Say that you start your app for the very first time, and you make a call to AcquireToken(resource1, clientId, redirectUri). From the cache’s point of view, how does that unfold?

  1. ADAL needs to check the cache to see if there is already an access token for resource1 obtained by client1, or if there is a refresh token good for obtaining such an access token, and whatever other private heuristic you don’t need to worry about. Right before it reads the cache, ADAL calls the BeforeAccess notification. Here, you have the opportunity of retrieving your persisted cache blob from wherever you chose to save it, and pump it in ADAL. You do so by passing that blob to Deserialize.
    Note that you can apply all kind of heuristics to decide whether the existing inmemory copy is still OK to reduce the times in which you access your persistent store.
  2. As we said, this is the first time that the application runs: hence the cache will (typically) be empty. Hence, ADAL pops out the authentication UX and guides the user through the authentication experience. Once it obtains a new token, it needs to save it in the cache: but right before that, it invokes the BeforeWrite notification. That gives you the opportunity of applying whatever concurrency strategy you want to enact: for example, on a mid tier app you might decide to place a lock on your blob – so that other nodes in your farm possibly attempting a write at the same time would avoid producing conflicting updates. If you are optimistic, of course you can decide to simply do nothing heer :Winking smile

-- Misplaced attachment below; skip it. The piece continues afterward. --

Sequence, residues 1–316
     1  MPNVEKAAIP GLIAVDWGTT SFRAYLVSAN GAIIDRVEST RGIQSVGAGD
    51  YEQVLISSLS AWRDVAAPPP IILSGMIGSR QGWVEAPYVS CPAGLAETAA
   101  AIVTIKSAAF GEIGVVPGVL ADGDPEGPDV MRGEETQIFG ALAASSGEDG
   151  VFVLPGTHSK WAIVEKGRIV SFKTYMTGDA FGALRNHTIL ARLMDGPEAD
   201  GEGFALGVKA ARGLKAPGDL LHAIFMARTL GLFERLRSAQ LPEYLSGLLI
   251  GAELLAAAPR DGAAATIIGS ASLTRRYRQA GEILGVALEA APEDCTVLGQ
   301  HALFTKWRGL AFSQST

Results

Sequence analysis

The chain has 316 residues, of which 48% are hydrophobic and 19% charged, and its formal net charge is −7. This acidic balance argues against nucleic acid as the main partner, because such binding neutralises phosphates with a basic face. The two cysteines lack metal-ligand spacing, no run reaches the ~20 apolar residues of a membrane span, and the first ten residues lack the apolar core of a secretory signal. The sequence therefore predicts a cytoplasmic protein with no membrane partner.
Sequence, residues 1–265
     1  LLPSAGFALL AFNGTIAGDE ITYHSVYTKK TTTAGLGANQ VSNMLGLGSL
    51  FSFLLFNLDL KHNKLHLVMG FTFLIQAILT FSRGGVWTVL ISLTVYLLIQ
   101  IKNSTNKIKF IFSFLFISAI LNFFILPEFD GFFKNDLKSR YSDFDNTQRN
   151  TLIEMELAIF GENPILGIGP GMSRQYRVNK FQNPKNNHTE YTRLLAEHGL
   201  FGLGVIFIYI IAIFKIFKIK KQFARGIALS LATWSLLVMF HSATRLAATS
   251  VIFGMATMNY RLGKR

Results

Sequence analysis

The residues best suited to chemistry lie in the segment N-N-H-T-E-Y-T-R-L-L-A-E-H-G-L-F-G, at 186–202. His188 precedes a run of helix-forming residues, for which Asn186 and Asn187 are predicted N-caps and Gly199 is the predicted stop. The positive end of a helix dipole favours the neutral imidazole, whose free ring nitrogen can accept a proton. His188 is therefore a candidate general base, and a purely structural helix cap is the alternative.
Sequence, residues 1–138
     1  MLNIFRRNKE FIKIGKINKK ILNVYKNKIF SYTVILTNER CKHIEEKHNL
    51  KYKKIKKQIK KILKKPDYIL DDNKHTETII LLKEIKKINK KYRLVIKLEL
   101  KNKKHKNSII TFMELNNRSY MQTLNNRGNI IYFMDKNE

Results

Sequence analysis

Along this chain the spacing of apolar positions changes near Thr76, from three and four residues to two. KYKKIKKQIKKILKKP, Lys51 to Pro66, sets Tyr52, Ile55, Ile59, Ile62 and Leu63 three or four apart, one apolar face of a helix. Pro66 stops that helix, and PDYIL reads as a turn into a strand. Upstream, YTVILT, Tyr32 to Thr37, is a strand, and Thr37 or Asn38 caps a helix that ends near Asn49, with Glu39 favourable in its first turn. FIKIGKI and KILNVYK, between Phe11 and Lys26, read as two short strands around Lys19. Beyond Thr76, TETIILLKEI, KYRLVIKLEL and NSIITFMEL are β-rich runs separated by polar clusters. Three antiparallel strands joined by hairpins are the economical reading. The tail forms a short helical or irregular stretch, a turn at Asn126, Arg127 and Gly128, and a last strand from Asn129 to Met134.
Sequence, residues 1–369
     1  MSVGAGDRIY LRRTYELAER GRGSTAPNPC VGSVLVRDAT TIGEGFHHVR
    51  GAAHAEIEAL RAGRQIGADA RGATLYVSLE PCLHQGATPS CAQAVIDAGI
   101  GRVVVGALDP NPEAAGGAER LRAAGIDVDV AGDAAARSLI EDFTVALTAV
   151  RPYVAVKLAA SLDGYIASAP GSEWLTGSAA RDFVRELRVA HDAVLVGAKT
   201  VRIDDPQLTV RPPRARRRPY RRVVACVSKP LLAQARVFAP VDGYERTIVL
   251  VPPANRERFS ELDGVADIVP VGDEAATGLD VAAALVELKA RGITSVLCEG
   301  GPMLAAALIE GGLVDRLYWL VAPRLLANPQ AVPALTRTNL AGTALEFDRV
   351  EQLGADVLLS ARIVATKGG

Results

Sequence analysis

3. After ADAL added the new token in its in-memory copy of the cache, it calls the AfterAccess notification. That notification is in fact called every time ADAL accessed the cache, not just when a write took place: however you can always tell if the current operation resulted in a cache change, as in that case the property HasStateChanged will be set to true. If that is the case, you will typically call Serialize() to get a binary blob representing the latest cache content – and save it in your storage. After that, it will be your responsibility to clear whatever lock you might have set.
    Very important: ADAL NEVER automatically reset HasStateChanged to false. You have to do it in your own code once you are satisfied that you handled the event correctly.

Those are the main moving parts you need to handle. Other important aspects to consider concern the lifecycle of the cache instance outside of its use from AcquireToken. For example, you’ll likely want to populate the cache from your store at construction time; you’ll want to override Clear and DeleteItem to ensure that you reflect cache state changes; and so on.

You might wonder why you can’t just wait for the first access and leave to the notifications to do the first initialization. That’s tricky. You could do that, but then if you’d need to query the cache before requesting the first token you’d be in trouble. Think of a multi-tenant client: on first access you’ll use common as the authority, but for subsequent accesses you want to use the authority corresponding to the user that actually signed in and initialized the app to its own tenant. If you don’t do that, you’ll never hit the cache during AcquireToken given that using “common” is equivalent to say “I don’t know what tenant to use”.

If you want to query the cache, you can call ReadItems() to pull out an IEnumerable of TokenCacheItems.

Pretty easy, right?

Here there’s one of my favorite benefits of this model: from ADAL v2 RC on, AcquireTokenByAuthorizationCode does save tokens in the cache! This will result in a tremendous reduction in the amount of code that it is necessary on middle tier applications, as you’ll see in the updated samples.

Examples